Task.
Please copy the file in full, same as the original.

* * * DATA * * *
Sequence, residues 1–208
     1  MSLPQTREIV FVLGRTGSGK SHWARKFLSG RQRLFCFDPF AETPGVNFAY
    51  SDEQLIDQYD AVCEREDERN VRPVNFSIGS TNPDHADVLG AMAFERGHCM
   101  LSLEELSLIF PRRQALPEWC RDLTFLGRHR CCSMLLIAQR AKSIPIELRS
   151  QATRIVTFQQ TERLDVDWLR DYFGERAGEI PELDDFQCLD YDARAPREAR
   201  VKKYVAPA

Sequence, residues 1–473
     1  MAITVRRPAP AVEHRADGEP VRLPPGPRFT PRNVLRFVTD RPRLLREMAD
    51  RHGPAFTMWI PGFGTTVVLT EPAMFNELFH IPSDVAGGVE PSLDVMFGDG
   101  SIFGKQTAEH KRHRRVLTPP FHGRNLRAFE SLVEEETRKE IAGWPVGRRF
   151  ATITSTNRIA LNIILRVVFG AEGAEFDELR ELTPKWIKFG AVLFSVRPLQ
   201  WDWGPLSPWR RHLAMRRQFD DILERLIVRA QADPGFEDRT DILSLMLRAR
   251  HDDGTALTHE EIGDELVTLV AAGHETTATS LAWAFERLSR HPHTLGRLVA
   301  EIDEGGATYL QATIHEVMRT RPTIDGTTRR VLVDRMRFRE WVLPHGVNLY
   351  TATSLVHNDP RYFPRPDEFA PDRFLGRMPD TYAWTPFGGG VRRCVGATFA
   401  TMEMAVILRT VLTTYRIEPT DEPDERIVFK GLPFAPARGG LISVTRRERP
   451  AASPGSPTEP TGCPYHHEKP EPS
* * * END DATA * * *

Sequence, residues 1–208
     1  MSLPQTREIV FVLGRTGSGK SHWARKFLSG RQRLFCFDPF AETPGVNFAY
    51  SDEQLIDQYD AVCEREDERN VRPVNFSIGS TNPDHADVLG AMAFERGHCM
   101  LSLEELSLIF PRRQALPEWC RDLTFLGRHR CCSMLLIAQR AKSIPIELRS
   151  QATRIVTFQQ TERLDVDWLR DYFGERAGEI PELDDFQCLD YDARAPREAR
   201  VKKYVAPA

Sequence, residues 1–473
     1  MAITVRRPAP AVEHRADGEP VRLPPGPRFT PRNVLRFVTD RPRLLREMAD
    51  RHGPAFTMWI PGFGTTVVLT EPAMFNELFH IPSDVAGGVE PSLDVMFGDG
   101  SIFGKQTAEH KRHRRVLTPP FHGRNLRAFE SLVEEETRKE IAGWPVGRRF
   151  ATITSTNRIA LNIILRVVFG AEGAEFDELR ELTPKWIKFG AVLFSVRPLQ
   201  WDWGPLSPWR RHLAMRRQFD DILERLIVRA QADPGFEDRT DILSLMLRAR
   251  HDDGTALTHE EIGDELVTLV AAGHETTATS LAWAFERLSR HPHTLGRLVA
   301  EIDEGGATYL QATIHEVMRT RPTIDGTTRR VLVDRMRFRE WVLPHGVNLY
   351  TATSLVHNDP RYFPRPDEFA PDRFLGRMPD TYAWTPFGGG VRRCVGATFA
   401  TMEMAVILRT VLTTYRIEPT DEPDERIVFK GLPFAPARGG LISVTRRERP
   451  AASPGSPTEP TGCPYHHEKP EPS